In The Media

Groen Discusses Decentralization of Learning

The University of Ottawa Learning Centre
The University of Ottawa Learning Centre embraces modern teaching methods, flexibility, and adaptability.

Jason-Emery Groen recently shared his thoughts on how the shifting educational landscape is impacting the design of the built environment.  

On Remaining Competitive when Students Can Learn Anytime, Anywhere

“In order to remain competitive, universities are radically rethinking how they utilize their facility assets. Face-to-face social interaction and in-person collaborative learning are two aspects of campus life that cannot be recreated online or at home, so finding ways to both facilitate and promote these types of experiences is of utmost importance. Today, open, mixed-use social commons and bookable, semi-private learning spaces are becoming as common as classrooms. These spaces need to be thoughtfully designed to account for both the varying groups that will use them.”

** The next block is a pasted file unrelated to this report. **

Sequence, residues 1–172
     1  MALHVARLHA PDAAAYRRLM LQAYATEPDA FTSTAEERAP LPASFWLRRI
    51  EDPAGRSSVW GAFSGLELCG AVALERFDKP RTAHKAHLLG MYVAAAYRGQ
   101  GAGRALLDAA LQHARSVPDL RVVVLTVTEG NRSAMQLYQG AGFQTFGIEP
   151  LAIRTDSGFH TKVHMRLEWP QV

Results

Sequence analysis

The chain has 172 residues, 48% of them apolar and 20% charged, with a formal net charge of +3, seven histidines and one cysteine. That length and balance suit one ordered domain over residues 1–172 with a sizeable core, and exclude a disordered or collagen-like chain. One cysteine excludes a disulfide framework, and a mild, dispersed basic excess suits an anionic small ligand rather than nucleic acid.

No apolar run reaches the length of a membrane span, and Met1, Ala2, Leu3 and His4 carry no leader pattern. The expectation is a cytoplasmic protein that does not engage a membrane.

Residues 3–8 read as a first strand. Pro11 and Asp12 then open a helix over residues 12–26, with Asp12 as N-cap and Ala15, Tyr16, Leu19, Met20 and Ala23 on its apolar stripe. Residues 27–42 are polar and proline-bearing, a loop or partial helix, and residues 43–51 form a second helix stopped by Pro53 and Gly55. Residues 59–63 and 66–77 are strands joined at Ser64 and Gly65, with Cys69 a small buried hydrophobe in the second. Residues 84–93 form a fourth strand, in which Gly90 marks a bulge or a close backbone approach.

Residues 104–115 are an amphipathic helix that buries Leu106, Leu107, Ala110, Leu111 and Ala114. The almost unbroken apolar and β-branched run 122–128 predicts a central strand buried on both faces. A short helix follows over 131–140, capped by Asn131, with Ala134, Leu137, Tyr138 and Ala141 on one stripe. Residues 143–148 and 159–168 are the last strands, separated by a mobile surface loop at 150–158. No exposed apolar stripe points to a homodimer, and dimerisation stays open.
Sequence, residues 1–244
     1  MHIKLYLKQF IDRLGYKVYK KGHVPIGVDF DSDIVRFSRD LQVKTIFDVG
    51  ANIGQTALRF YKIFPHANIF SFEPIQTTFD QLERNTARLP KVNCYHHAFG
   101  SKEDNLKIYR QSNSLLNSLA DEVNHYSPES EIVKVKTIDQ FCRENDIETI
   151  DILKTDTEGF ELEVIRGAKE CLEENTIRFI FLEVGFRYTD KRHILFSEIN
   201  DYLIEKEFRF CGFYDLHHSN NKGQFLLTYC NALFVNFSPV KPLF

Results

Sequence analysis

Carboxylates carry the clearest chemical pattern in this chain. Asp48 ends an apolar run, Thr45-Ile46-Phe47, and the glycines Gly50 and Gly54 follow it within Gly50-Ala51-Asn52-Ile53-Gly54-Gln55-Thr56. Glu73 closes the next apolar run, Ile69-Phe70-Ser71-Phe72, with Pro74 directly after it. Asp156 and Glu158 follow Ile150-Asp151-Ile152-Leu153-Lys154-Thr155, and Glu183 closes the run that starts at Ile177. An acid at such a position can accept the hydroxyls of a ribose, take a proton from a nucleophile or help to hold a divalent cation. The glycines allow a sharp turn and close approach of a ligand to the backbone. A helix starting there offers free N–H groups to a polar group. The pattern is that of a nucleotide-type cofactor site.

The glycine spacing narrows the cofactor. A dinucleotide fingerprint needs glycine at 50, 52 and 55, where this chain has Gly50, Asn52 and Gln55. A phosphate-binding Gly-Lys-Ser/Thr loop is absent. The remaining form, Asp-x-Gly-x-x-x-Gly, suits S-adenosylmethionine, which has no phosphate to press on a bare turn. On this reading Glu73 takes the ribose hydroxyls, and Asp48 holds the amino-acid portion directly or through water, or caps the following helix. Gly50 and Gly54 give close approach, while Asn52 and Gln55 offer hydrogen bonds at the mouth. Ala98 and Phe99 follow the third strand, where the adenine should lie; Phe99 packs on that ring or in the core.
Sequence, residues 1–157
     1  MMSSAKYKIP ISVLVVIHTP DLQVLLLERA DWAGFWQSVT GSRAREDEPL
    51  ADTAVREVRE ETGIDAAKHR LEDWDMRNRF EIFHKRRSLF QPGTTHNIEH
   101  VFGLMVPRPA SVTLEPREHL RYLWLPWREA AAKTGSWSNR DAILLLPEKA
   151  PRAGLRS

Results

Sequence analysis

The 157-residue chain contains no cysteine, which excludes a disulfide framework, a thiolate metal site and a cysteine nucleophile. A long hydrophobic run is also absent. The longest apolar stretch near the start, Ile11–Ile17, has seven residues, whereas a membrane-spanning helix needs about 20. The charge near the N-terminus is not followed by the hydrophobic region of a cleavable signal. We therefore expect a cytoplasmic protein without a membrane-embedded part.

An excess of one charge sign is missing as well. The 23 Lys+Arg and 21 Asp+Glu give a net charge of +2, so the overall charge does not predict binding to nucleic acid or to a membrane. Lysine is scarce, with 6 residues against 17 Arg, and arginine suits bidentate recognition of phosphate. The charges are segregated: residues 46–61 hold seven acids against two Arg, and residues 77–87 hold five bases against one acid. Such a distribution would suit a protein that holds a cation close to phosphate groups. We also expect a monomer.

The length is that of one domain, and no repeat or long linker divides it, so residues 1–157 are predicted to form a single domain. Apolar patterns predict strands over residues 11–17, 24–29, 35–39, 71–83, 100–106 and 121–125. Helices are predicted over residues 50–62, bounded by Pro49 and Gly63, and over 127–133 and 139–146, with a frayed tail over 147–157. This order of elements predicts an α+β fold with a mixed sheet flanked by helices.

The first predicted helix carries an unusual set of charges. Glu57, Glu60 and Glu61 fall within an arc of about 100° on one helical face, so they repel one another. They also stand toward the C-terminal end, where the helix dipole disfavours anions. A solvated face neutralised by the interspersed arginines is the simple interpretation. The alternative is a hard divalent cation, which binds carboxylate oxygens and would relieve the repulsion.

On the Proliferation of Hands-on Learning

“Hands-on and experiential learning helps ground concepts in reality and is a type of learning that is now used in elementary, middle and high school, making it very familiar to Gen Z. Both this increased focus on hands-on learning and the growing need to help students develop skills relevant to the working world have changed the way we use our classrooms. The focus on real life experiences and problem-solving has led to an increase in simulation labs, maker spaces and other non-traditional teaching labs. Rapid prototyping — through coding, open-source hardware, Legos, 3D printing and laser cutting — allows students to learn through hands-on discovery. Sharing is encouraged; projects, designs and curricula are widely available as open-source downloads.”

Read the full article on the Building Operating Management website.